homepage logo

Independence Day wins for 90-year-old Casey

By Staff | Jul 10, 2020

Taylor Mountain Farm was founded by the late Mrs. Eleanor M. Casey and husband Mr. James W. Casey. Their training career began with the purchase of their first race horse, Royal Sketch, in 1963. Courtesy photo

CHARLES TOWN — There were no hand-held sparklers, no Roman candles or rocket’s red glare. It was the Fourth of July at the Charles Town Races.

The air was sultry and gripped the humidity in its fist. But the thoroughbred track was back from its forced silence brought by the coronavirus, and races were being contested at the refurbished track.

As the second race of Saturday evening loomed ahead, 90-year-old trainer James W. Casey had an entry in the basic claiming event.

His Scottish Denis, a dark bay son of Dennis of Cork, was the public’s choice at $1.30-1 betting odds.

This is the same Jim Casey who has roamed the indoor and outdoor paddocks at Charles Town for more than four decades. He has won over 1,000 races, and his Taylor Mountain thoroughbreds have all but patented winning success in the annual West Virginia Breeders Classics, including the “Classic” itself.

In the next race, Casey had Sweetin Bread entered in an allowance race where the purse was $28,000 and the winner would receive $16,800.

The copper-colored chestnut gelding was sired by another Casey stallion, Luftikus.

Sweetin Bread was not favored by the folks doing their off-track and simulcast betting. He went off at $5.80-1. . . and would reward his followers with $13.60 for their $2 win tickets on his stretch-running nose.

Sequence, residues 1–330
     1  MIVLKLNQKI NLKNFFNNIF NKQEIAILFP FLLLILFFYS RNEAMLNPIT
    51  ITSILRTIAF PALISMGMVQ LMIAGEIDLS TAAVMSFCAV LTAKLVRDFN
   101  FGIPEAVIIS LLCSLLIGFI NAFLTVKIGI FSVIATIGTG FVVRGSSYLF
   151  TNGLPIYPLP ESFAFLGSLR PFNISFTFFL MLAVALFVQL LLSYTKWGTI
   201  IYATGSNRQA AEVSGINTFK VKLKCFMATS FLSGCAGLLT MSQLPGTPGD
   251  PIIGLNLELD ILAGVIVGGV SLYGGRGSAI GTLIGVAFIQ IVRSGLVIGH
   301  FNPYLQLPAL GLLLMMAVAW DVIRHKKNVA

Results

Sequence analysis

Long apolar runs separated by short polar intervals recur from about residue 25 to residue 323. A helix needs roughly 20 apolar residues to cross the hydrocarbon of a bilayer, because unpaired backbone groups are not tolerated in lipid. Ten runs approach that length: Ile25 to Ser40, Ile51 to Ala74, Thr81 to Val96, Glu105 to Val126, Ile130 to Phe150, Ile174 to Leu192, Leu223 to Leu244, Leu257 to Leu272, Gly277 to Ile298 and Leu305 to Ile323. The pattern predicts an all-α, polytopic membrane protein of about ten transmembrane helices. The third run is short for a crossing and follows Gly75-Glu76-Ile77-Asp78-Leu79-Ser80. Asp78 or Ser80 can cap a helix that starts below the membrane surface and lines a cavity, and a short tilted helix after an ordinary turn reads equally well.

Casey’s thoroughbred had only prevailed by a neck after a protracted stretch duel that saw him refuse to give in, after he slide to the rail from the outside post in the seven-furlong race.

Scottish Denis and Sweetin Bread were Casey’s only two starters on Independence Day.

Time has been able to slow him some in recent years. He uses a walker to get from his pre-race post to the winner’s circle. But when taking another first place on a Breeders Classic night on a fall evening, he is surrounded by maybe 30 people posing for the photographs to be kept for posterity.

Through the fast-flying decades, Casey has remained matter-of-fact and even self-effacing when any of his successes are mentioned. His two sons, James M. and John, do much of the everyday work on their family property, Taylor Mountain Farm in Charles Town.

When he retired from teaching at James Wood High in Winchester, Casey and his wife Eleanor had more time to begin etching their names and their home-bred thoroughbred’s names into the state record books. Eleanor named the foals and also was very influential in evaluating any thoroughbreds her husband might purchase for breeding stock.

Now at 90, Casey can look back and see his varsity football teams at James Wood and his “varsity” thoroughbreds winning big-money races at Charles Town.

There probably won’t be any fireworks lighting the sky or any Fourth of July celebrations dominating an evening in Charles Town, but Casey has other thoughts on his mind, about the many stakes races to be won at Charles Town before his 91st birthday in March next year.